You might have read something like: "it takes about three weeks to get your trail legs." This is both true and ridiculous. You will notice a difference after about three weeks on trail, but you won't really reach a high level of conditioning that quickly. It took me about 1,000 miles to really feel conditioned. When I asked other older hikers what they would recommend for older hikers, every person mentioned conditioning as the number one area to focus on. Suggestion: invest as much time as you can on your conditioning before getting on trail. It will pay dividends in speed, enjoyment, and reduced injuries. If you are comfortable hiking 12 miles with your loaded pack on, with 2,000 feet of climbing, you are likely well enough conditioned to start the trail.
Of course you can fall or twist an ankle, but the most common injuries, by far, are over-use injuries. Shin splints and joint inflammation are common, and can cause intense pain as well as take you off trail. Over-use injuries seem to pop up most commonly after the first 300 miles of hiking, so it can be hard to predict these from your conditioning hikes. Ibuprofen, sometimes referred to humorously as Vitamin I, can help a lot, but over-use can lead to kidney damage, so it's not a silver bullet. Rest, is the most reliable cure for an over-use injury, and it's often necessary for older hikers to take 7 days or more off trail to recover from an over-use injury. Suggestion: leave enough time in your schedule that a two-week hiatus to recover from an injury won't prevent you from achieving your hiking goals. Since injuries most often occur in the desert section for NOBO thru hikers, this could just mean getting on trail by the third week in April.
The equipment that you need doesn't vary that much from younger hikers, with a few areas to pay special attention to. I was happy to have warm clothes, even when some hikers were shivering to save weight. I have a really good headlamp (Fenix HL12R), because I'm a relatively slow hiker and tend to break camp before it gets light so that I have a longer day--anything that puts out 70 lumens plus is fine. I needed corrective lenses in my sunglasses, so I had some great glasses made by Opticus, a company that specializes in glasses for outdoor activities. And, with family responsibilities it was important for me to have a Garmin InReach and text with my wife every night. Suggestion: lighter IS better, but also take seriously staying warm and other areas that might be important to you. It can be hard and expensive to make a lot of changes once you are on trail, so at least have your base weight under 20 pounds before setting off on your PCT hike.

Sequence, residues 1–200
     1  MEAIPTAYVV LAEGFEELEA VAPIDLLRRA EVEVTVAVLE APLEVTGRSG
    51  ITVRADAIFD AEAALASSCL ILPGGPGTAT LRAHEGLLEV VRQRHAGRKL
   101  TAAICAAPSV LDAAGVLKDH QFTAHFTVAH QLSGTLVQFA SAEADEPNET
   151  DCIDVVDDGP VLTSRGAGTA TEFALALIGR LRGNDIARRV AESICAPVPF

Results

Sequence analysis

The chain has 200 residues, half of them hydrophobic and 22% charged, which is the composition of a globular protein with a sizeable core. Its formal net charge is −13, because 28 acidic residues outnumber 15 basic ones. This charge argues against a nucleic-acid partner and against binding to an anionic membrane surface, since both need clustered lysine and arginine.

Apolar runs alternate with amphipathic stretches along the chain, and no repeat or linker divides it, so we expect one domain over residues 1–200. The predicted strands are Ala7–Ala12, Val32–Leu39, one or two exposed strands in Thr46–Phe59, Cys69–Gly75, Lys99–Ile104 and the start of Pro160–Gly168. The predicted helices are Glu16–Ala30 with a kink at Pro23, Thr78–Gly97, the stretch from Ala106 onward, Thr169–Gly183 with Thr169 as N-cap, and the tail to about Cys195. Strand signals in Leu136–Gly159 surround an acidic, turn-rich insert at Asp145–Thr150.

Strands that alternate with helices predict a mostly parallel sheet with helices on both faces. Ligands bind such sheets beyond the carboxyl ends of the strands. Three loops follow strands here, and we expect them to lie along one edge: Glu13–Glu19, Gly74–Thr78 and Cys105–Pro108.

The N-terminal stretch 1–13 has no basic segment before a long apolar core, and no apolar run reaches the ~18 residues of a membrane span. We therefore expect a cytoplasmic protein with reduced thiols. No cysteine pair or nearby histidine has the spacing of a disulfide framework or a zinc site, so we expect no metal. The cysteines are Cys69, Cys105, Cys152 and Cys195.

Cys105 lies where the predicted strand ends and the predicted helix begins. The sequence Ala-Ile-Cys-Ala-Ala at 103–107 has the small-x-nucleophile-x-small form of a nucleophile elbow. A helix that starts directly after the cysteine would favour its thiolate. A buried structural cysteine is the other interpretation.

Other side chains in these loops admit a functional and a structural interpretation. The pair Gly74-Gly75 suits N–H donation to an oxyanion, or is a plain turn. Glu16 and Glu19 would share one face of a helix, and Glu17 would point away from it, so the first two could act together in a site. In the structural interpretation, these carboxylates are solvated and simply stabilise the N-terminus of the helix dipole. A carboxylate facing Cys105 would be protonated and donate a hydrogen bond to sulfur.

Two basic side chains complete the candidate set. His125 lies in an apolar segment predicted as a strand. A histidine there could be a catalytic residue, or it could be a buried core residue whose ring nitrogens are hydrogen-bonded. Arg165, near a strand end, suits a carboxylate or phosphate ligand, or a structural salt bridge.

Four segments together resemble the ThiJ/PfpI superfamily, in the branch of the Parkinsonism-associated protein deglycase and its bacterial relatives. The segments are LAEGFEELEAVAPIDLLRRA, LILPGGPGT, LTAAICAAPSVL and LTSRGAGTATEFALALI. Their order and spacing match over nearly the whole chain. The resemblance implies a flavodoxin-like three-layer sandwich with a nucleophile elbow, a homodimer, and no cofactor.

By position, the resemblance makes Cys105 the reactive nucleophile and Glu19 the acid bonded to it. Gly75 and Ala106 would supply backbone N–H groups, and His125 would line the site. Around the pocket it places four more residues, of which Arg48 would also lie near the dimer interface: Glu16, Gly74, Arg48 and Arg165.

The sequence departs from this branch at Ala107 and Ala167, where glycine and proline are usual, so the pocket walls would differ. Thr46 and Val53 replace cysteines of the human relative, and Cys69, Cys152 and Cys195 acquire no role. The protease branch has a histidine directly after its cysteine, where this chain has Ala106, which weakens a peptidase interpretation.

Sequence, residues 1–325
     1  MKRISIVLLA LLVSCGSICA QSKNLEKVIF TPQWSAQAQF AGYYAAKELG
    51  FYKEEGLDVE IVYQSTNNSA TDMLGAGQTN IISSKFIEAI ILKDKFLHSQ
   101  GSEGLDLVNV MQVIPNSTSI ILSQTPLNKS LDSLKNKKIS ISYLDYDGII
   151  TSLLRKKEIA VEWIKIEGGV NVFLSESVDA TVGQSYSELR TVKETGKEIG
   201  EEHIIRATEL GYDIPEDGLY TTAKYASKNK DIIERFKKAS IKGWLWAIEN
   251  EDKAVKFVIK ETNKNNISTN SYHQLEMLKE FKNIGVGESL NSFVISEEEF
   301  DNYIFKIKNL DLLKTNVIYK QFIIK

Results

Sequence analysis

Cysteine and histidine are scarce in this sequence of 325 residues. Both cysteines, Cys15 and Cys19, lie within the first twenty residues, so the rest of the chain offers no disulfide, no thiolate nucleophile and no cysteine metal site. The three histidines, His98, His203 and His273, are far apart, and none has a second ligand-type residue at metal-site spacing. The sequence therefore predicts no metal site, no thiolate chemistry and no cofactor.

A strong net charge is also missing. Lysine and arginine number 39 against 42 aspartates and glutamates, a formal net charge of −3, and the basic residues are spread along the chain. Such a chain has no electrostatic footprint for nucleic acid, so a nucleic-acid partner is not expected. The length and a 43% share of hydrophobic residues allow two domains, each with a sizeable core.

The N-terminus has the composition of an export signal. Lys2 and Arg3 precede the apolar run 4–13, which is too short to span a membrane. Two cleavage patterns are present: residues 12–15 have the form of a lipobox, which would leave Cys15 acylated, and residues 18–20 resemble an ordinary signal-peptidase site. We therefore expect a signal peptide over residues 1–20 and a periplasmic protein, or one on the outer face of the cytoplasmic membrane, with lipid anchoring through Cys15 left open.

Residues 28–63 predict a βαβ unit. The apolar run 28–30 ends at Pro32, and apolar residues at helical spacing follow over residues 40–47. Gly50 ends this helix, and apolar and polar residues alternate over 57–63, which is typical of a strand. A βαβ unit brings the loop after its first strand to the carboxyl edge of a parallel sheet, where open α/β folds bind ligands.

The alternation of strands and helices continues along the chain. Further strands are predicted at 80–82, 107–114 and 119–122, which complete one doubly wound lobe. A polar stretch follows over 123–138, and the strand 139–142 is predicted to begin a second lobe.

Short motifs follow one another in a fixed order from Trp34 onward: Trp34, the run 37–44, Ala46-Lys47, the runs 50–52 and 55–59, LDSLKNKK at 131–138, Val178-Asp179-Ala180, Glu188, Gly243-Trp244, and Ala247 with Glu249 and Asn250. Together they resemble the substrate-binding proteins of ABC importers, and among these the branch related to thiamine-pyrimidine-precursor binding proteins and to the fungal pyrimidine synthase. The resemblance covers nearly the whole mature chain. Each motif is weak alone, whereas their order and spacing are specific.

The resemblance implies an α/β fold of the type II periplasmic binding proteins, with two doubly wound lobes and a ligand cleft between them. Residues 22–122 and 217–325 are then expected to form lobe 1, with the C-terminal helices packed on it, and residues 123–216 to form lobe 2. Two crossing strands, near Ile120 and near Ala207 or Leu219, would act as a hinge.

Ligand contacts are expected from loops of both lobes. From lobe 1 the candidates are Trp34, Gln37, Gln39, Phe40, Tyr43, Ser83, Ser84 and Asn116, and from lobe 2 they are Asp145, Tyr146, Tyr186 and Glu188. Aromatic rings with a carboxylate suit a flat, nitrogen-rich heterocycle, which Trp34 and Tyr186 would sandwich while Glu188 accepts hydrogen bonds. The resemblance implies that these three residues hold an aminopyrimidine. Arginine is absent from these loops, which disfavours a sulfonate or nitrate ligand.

Nutrition and Resupplies
Good nutrition is important, and you will often have a better chance of getting food that you consider nutritionally sound if you mail yourself resupply boxes vs. trying to resupply locally. Brenda Braaten's article "Pack Light, Eat Right" is worth reading. There are a lot of resources to help with resupply planning, so I'll just leave you with that thought on resupply boxes.
You will meet hikers of all ages on the trail, and I found myself chatting and enjoying breaks with hikers from 18 to 80. My age never seemed to limit me socially, and that was one of the nicer aspects of being on trail. If you have additional thoughts about tackling the trail after 55, please share them in the comments section. Also, if you are interested in my 2017 and 2018 hikes, I've written blog posts for both years.